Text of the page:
Perish, The Thought - A Memorial Day Weekend Concert - David Harris, Composer

Contact: David Harris
Phone: 303-803-4682

Friday, April 24, 2009


A Memorial Day weekend concert interpreting the meaning of death for life.

Lafayette, Colo.— “And as to you Death, it is idle to try to alarm me,” Walt Whitman exclaimed and inspired others to contemplate what death really means in regard to life. David Harris, Composer, has been pondering this question as of late diving deep into the worlds of poetry, prose, and art to formulate his own thoughts and feelings on this subject. The result is the world premiere of his latest musical compositions in a Memorial Day weekend concert entitled Perish, The Thought. The concert will premiere the cantata The Martyrdom of St. Bartholomew, the choral cycle The Frail Stag and his first String Quartet.

On Friday, May 22nd at First Congregational Church of Boulder (1128 Pine Street, Boulder, CO), 7:30 pm and Saturday, May 23rd at Christ Church Episcopal Denver (2950 South University Avenue, Denver, CO). 7:30 pm, David Harris focuses on mortality and ways that people have attempted to reconcile life’s brevity. “I have collected ideas posited by poets, artists and religious treatises. The music acts as a vehicle for the concepts found in these documents, and through it, I intermingle my own reflections. Though a heavy topic, the outcome is one of hope, and the music contains energy and vibrancy,” says Harris.

Both The Frail Stag and The Martyrdom of St. Bartholomew found their inspiration in the Metropolitan Museum of Art’s Upper West Side annex, The Cloisters. The cantata began in the chant “Apostolo Beato” found in The Florence Laurdario (book of chants) that The Cloisters has on display.

The Martyrdom of St. Bartholomew
explores the ubiquitous complexities surrounding death by juxtaposing texts from modern poets and ancient religious documents. Particularly, the texts wrestle with the nobility that humans often assign to death and the manner of one's dying. They reflect on what meaning these matters can ascribe to life, and they ponder the definition of life, whether one can be living and yet dead (a popular secular and religious sentiment). The music engages the audience through lyrical melody with rhythmic and harmonic layering. It is immediately accessible, but challenges the listener beyond the immediate, opening aural opportunities for novice and expert alike.

The Frail Stag was inspired by a 16th-century French tapestry bearing the allegory of a stag hunt, one that depicts human mortality. In the tapestry, Old Age hunts the stag (mankind) with the help of her hounds whose names are grief, anxiety, fear, cold, heat and toil.

The Frail Stag for chorus is in three movements. The first bears the tapestry's text that describes the activity in the foreground image that represents the end of life. The second movement is from the poem “Pense Morir” by Pablo Neruda and reflects adulthood’s principle challenge, the quest for meaning and love. “And a little child will lead them” from the Hebrew prophet Isaiah finishes the set. Harris explains,“Instead of a focus on loathing, the choral cycle, in contrast to the tapestry, suggests that life springs from death, and that perspective offers relief from the pain of aging.”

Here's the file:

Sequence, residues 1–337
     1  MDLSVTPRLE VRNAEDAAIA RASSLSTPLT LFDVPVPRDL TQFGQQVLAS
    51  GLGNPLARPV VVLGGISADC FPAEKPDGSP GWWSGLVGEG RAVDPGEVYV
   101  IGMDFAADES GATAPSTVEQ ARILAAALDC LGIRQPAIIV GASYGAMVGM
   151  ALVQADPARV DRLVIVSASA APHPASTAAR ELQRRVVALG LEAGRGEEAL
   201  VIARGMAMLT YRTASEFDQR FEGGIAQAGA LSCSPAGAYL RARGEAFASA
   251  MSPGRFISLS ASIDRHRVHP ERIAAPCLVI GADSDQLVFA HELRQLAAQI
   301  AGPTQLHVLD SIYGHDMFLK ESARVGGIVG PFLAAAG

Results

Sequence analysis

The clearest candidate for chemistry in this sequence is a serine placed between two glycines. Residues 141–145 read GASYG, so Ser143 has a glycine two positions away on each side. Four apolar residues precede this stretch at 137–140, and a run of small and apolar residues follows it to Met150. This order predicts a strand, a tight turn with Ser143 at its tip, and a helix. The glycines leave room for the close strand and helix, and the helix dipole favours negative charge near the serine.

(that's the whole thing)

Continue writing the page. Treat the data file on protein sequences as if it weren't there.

String Quartet, David Harris' first string quartet, takes its departure from the text printed on “The Hunt of the Frail Stag” tapestry, with each of the movements named for one of the dogs who attack the stag. By extension, the music stirs thoughts of mortality and time. Moments of untroubled beauty mingle with fast-paced textural conflict.

Perish, The Thought features the Rocky Mountain Chamber Singers, a string quartet of the Boulder Philharmonic (Gyongver Petheo, Annamaria Karacson, Matthew Dane and Marcelo Sanches), in addition to Elizabeth Caswell Dyer, soprano, Marta Burton, mezzo, Ryan Connell on organ and David Harris conducting.

Marta Burton, mezzo-soprano for Perish, The Thought, describes why she is delighted to be performing another David Harris composition, “David Harris’ settings are ravishing in their emotional impact--the complexities of harmony and rhythm serve the poetry, ultimately revealing the depth of the language through his sensitive and fearless renderings. He writes beautifully for the voice, allowing the singers to bring their own color and vitality to the work. It is an absolute joy to sing and hear his music.”

For tickets to see Perish, The Thought, $10 GA, purchase with a credit card at or purchase with check or cash at the door.

For more information about David Harris, Composer/Conductor and Perish, The Thought, please view his website at

Perish, The Thought - Event Details
What: Perish, The Thought
When: Friday, May 22nd and Saturday, May 23rd, 7:30 pm for both performances
Where: Friday, May 22nd at First Congregational Church of Boulder (1128 Pine Street, Boulder, CO)
Saturday, May 23rd at Christ Church Episcopal Denver (2950 South University Avenue, Denver, CO)
General Admission Information: $10 GA
Purchase Tickets: Purchase with a credit card at or purchase with check or cash at the door.

Views: 69


You need to be a member of MyTown Colorado to add comments!

Join MyTown Colorado



Milestones are back up! You can submit and view engagements, wedding, anniversaries and birth announcements at Prairie Mountain Media's Milestones form. Obituaries can also be found at at



© 2020   Created by Matt Flood.   Powered by

Badges  |  Report an Issue  |  Terms of Service